There’s an old adage that those who you love can hurt you the most. When they do, it feels like a betrayal of the highest order – you should feel safest in your own home, with the people you love, but domestic violence makes this impossible. If this is your life, it may be time for a personal protection order.
What is a personal protection order?
A personal protection order (PPO) is an order from the Michigan family court. It is directed at an individual (the person committing abuse) and is designed to protect the person they are abusing. A PPO contains a series of order with which abuser must comply. If they do not, they are in violation of the law and can be arrested. The specific orders contained within a PPO will vary depending on the circumstances, but common examples include instructions not to assault or threaten the protected party, not to enter their home, not to remove children from the protected party’s custody and not to interfere with the protected party’s work or education.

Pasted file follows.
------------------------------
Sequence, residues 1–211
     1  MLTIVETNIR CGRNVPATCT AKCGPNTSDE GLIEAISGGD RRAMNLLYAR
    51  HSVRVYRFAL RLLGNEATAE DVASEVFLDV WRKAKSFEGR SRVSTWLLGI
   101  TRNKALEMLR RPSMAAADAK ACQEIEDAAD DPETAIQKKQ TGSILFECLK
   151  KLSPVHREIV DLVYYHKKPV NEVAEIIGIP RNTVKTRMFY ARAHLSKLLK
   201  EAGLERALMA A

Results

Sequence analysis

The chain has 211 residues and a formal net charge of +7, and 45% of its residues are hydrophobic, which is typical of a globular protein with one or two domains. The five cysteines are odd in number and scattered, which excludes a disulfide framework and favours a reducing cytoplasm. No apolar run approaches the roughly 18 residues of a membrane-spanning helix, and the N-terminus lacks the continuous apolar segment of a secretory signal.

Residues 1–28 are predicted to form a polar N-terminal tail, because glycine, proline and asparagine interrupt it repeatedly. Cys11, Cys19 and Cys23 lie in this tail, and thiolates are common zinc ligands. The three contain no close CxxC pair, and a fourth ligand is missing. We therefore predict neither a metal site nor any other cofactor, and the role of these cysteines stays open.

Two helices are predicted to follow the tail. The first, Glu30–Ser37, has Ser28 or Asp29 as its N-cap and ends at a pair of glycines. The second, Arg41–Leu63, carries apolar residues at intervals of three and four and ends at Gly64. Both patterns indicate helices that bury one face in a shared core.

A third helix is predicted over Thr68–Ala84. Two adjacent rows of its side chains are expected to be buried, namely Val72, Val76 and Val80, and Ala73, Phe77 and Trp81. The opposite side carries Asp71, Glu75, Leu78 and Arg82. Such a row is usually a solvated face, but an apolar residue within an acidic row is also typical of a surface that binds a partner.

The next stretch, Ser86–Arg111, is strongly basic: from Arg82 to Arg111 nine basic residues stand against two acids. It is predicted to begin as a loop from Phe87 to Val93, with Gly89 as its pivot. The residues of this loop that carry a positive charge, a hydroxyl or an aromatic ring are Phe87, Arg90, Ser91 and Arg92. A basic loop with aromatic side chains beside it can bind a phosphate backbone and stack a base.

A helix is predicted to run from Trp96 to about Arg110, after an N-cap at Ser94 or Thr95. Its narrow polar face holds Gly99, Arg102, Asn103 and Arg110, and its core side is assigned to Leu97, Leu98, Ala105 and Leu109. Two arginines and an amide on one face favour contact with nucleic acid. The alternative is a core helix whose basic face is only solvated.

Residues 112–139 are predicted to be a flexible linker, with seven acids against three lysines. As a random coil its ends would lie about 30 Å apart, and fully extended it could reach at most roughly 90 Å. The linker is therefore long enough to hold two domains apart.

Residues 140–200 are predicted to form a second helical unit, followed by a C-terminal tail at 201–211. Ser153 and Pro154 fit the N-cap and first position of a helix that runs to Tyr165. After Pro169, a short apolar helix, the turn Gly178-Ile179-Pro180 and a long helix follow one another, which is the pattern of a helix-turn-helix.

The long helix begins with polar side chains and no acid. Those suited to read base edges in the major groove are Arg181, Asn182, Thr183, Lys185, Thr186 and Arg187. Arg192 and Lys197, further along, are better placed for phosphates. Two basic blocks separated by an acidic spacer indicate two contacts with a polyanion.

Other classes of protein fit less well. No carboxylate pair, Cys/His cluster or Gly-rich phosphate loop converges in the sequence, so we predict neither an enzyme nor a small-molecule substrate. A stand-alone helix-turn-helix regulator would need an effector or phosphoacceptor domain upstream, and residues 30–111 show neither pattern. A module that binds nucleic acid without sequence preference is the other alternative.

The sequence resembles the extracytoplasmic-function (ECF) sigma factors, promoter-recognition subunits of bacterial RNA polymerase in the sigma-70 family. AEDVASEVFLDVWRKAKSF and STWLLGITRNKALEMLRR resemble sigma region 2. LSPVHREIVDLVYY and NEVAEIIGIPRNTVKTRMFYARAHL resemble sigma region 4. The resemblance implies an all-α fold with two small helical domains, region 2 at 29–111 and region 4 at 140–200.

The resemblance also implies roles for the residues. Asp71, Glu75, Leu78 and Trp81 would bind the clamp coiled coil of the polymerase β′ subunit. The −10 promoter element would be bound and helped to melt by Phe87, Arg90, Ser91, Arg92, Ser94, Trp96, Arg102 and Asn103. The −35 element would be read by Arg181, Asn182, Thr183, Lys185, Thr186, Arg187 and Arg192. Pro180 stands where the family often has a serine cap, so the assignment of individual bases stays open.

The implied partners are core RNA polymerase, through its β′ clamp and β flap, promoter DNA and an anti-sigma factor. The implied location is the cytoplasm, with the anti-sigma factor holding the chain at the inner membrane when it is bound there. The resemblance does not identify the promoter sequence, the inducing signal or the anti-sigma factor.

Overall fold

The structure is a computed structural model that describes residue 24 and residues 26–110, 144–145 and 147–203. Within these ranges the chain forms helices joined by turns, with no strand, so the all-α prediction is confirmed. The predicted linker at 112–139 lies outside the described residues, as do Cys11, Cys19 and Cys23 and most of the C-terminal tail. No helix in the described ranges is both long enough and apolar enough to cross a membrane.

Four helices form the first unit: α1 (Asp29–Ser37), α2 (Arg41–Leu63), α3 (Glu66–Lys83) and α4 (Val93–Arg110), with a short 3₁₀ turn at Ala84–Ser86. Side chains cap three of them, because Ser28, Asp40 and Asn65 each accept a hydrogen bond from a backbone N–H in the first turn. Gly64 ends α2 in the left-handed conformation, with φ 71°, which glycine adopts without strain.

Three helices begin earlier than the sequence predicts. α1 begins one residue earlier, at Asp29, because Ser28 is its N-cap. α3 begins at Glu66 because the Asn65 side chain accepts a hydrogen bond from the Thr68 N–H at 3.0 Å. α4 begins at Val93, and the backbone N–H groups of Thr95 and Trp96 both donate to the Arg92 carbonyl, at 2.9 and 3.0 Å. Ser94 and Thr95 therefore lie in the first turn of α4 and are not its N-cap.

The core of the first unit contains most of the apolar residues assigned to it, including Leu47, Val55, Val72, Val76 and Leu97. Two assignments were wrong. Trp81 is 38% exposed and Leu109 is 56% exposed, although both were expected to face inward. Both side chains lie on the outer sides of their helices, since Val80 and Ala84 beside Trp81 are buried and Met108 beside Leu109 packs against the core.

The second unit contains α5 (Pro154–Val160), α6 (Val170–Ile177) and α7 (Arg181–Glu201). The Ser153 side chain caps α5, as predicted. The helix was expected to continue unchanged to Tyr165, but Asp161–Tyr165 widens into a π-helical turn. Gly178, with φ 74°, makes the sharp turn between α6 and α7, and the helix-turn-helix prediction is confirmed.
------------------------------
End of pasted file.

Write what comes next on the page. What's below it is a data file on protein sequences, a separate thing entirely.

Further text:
How do I get a PPO?
The idea of going to court and getting a PPO can be intimidating. If you are concerned about your ability to do so on your own, speak to an experienced professional who is knowledgeable in cases involving domestic violence. A petition must be filed with the family court. The PPO can be obtained against a spouse or other person with whom you have had children, or simply dated.
A hearing will be scheduled for the PPO. Evidence must be presented to the court, in the form of testimony, documents, photographs, video or any other relevant medium. To issue the order, a court must have sufficient evidence to conclude there is reasonable cause to believe the offending party will threaten, abuse or otherwise harm the protected party. Although evidence like police reports or medical reports can be helpful, they are not necessary for the court to issue a PPO.